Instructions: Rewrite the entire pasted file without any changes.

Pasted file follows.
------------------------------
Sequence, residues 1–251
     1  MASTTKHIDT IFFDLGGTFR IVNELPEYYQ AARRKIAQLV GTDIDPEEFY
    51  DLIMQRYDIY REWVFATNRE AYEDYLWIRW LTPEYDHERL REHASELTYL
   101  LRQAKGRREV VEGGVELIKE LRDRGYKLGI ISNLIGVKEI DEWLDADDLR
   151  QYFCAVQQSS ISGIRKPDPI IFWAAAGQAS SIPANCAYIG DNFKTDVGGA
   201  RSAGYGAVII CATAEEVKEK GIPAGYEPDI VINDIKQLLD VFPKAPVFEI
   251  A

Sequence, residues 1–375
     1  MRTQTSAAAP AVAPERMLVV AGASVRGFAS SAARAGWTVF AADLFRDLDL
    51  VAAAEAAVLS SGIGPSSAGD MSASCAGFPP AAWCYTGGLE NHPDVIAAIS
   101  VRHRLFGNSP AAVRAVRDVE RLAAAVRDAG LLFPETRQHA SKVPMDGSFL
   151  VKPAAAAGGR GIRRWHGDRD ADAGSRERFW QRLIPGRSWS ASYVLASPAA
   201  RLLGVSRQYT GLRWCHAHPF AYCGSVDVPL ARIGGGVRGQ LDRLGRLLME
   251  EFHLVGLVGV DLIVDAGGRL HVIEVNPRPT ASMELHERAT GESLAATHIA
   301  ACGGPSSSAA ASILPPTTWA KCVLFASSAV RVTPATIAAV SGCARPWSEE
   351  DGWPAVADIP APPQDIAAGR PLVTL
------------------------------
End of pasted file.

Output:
Sequence, residues 1–251
     1  MASTTKHIDT IFFDLGGTFR IVNELPEYYQ AARRKIAQLV GTDIDPEEFY
    51  DLIMQRYDIY REWVFATNRE AYEDYLWIRW LTPEYDHERL REHASELTYL
   101  LRQAKGRREV VEGGVELIKE LRDRGYKLGI ISNLIGVKEI DEWLDADDLR
   151  QYFCAVQQSS ISGIRKPDPI IFWAAAGQAS SIPANCAYIG DNFKTDVGGA
   201  RSAGYGAVII CATAEEVKEK GIPAGYEPDI VINDIKQLLD VFPKAPVFEI
   251  A

Sequence, residues 1–375
     1  MRTQTSAAAP AVAPERMLVV AGASVRGFAS SAARAGWTVF AADLFRDLDL
    51  VAAAEAAVLS SGIGPSSAGD MSASCAGFPP AAWCYTGGLE NHPDVIAAIS
   101  VRHRLFGNSP AAVRAVRDVE RLAAAVRDAG LLFPETRQHA SKVPMDGSFL
   151  VKPAAAAGGR GIRRWHGDRD ADAGSRERFW QRLIPGRSWS ASYVLASPAA
   201  RLLGVSRQYT GLRWCHAHPF AYCGSVDVPL ARIGGGVRGQ LDRLGRLLME
   251  EFHLVGLVGV DLIVDAGGRL HVIEVNPRPT ASMELHERAT GESLAATHIA
   301  ACGGPSSSAA ASILPPTTWA KCVLFASSAV RVTPATIAAV SGCARPWSEE
   351  DGWPAVADIP APPQDIAAGR PLVTL